MTTN: How do you see journalistic integrity now?

Sagarika: Right now, the journalistic integrity and the credibility is very low. The news media, at present, is gone. It suffers from a crisis of conscience, commerce, and corruption. The television as an agenda-setting means is over.

We are moving onto a video, subscription-based platform.

MTTN: Don’t you think there is an added responsibility on the likes of you, Rajdeep and Barkha Dutt therein?

Sagarika: We are trying. At the end of the day, we are all salaried employees. We don’t have the capital required to set up our own channel. If you asked me, I would love to have an independent news platform. But the capital is just not there and neither is anyone interested in setting something of that sort. We are, however, looking at crowdsourcing. We are trying to do our own bit through our blogs, writing, and various social media.

There are websites, which are doing good work, like the Wire and Scroll.in.

MTTN: Where was the turning point in this breakdown of the television news media?

Sagarika: Frankly, it happened with the coming of Modi. The Congress was bad with giving media freedom and it constantly breathed down our necks. But this government is vindictive. They hold personal animosities against individual journalists. Since there are a lot of people who covered the Gujarat riots, PM Modi kept those grudges against those journalists.

MTTN: This brings us back to the point that if journalists like yourself don’t take a stand, who will?

Sagarika: We are. But we face so much flak. We receive death threats every day. Our safety is in question. Gauri Lankesh was shot and she was a very good friend of mine. She used to sit down like we are and talk to me like you are right now.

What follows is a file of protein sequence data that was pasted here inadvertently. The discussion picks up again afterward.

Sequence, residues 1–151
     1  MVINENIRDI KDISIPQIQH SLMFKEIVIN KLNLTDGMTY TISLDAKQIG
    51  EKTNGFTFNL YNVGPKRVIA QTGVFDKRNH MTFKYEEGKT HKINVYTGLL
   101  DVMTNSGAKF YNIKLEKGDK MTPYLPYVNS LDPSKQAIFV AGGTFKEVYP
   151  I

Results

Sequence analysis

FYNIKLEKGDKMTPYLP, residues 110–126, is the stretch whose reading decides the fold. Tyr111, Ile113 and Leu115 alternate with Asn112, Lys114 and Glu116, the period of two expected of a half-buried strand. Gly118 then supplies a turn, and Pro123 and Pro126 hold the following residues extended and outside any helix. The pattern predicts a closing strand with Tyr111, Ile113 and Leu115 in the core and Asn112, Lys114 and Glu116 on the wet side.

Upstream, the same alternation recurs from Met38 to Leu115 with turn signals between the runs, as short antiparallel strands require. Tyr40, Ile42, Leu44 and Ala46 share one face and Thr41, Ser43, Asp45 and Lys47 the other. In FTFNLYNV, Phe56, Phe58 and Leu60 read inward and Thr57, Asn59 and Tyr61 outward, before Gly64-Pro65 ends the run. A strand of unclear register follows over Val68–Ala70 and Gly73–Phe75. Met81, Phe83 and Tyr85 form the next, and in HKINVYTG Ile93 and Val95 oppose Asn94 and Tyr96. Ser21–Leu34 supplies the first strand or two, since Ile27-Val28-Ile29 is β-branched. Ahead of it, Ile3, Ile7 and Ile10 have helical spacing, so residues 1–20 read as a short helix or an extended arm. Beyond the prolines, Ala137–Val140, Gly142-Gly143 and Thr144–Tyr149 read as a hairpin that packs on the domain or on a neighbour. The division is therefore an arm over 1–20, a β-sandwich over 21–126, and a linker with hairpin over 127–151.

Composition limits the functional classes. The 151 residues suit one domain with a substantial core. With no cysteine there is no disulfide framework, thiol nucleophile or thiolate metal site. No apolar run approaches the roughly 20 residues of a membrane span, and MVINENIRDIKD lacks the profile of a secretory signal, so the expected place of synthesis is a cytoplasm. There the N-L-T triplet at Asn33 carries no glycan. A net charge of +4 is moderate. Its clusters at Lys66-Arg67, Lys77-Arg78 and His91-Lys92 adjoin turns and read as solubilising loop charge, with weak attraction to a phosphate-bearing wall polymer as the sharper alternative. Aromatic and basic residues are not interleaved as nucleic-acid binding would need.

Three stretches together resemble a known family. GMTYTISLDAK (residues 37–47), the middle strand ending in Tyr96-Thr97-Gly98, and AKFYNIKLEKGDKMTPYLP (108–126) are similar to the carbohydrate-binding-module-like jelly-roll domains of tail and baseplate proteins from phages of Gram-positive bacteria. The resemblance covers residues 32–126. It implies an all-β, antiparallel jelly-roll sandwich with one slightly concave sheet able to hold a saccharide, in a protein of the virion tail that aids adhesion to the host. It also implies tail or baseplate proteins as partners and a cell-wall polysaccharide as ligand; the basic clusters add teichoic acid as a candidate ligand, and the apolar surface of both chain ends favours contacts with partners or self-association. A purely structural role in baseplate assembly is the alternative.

MTTN: Ma’am, you talked about subscription based platforms. How do you control fake news?

Sagarika: There are a lot of bodies, which exist to curb down fake news. There are websites like Alt News which are doing really good work.

MTTN: How do you face these threats and hate?

Sagarika: If you want to write, blog or be a journalist, you need to be brave. Why is the press important? The press is important because it’s there, where the people aren’t. You are doing it for the benefit of the people, as a service to the people. Some of us are high profile journalists, which is why we are protected. But there are journalists who are being killed. There are 32 journalists who are dead in the North East. Shantanu Bhowmick was lynched. Gauri Lankesh is shot.

If you’re criminalizing this democratic duty, people are scared to ask questions, which is important. The act of asking questions should be protected, not criminalized. The media acts as the fourth wing of a sovereign nation, aside from a Judiciary, the Legislature, and the Executive.

MTTN: On a lighter note, ma’am, how do you look back on Question Time with Didi?

Sagarika (laughs): That interaction, you know, affirmed my belief that politicians and journalists cant be friends. Mamta Banerjee and I used to share a cordial relationship for years before that interview, which is why once she came to power, she invited me for that interview. Afterwards, she came and told me, “You did this to me.” She saw it as a betrayal of her faith. What politicians don’t understand is that journalists are not loyalists. They are there to ask questions.

MTTN: What’s your highest point in your journalistic career?

Sagarika: Ever since I joined the media, it has been a great experience. Travelling around, presiding over various maramaari on Television, reporting on the ground have all been a great slice of life.

MTTN: Lastly, any messages for Manipal Students?

Sagarika: I have to say, ”Be brave.” Keep believing in yourselves and continue whatever it is that you’re passionate about. If you like to write, keep on writing, maintain your blogs and who knows you can be the next big journalist, doctor or engineer the nation will have!


-As said to Reetobaan Datta, Shraddha Murali and Srinath Balakrishnan

The interview has been edited for clarity.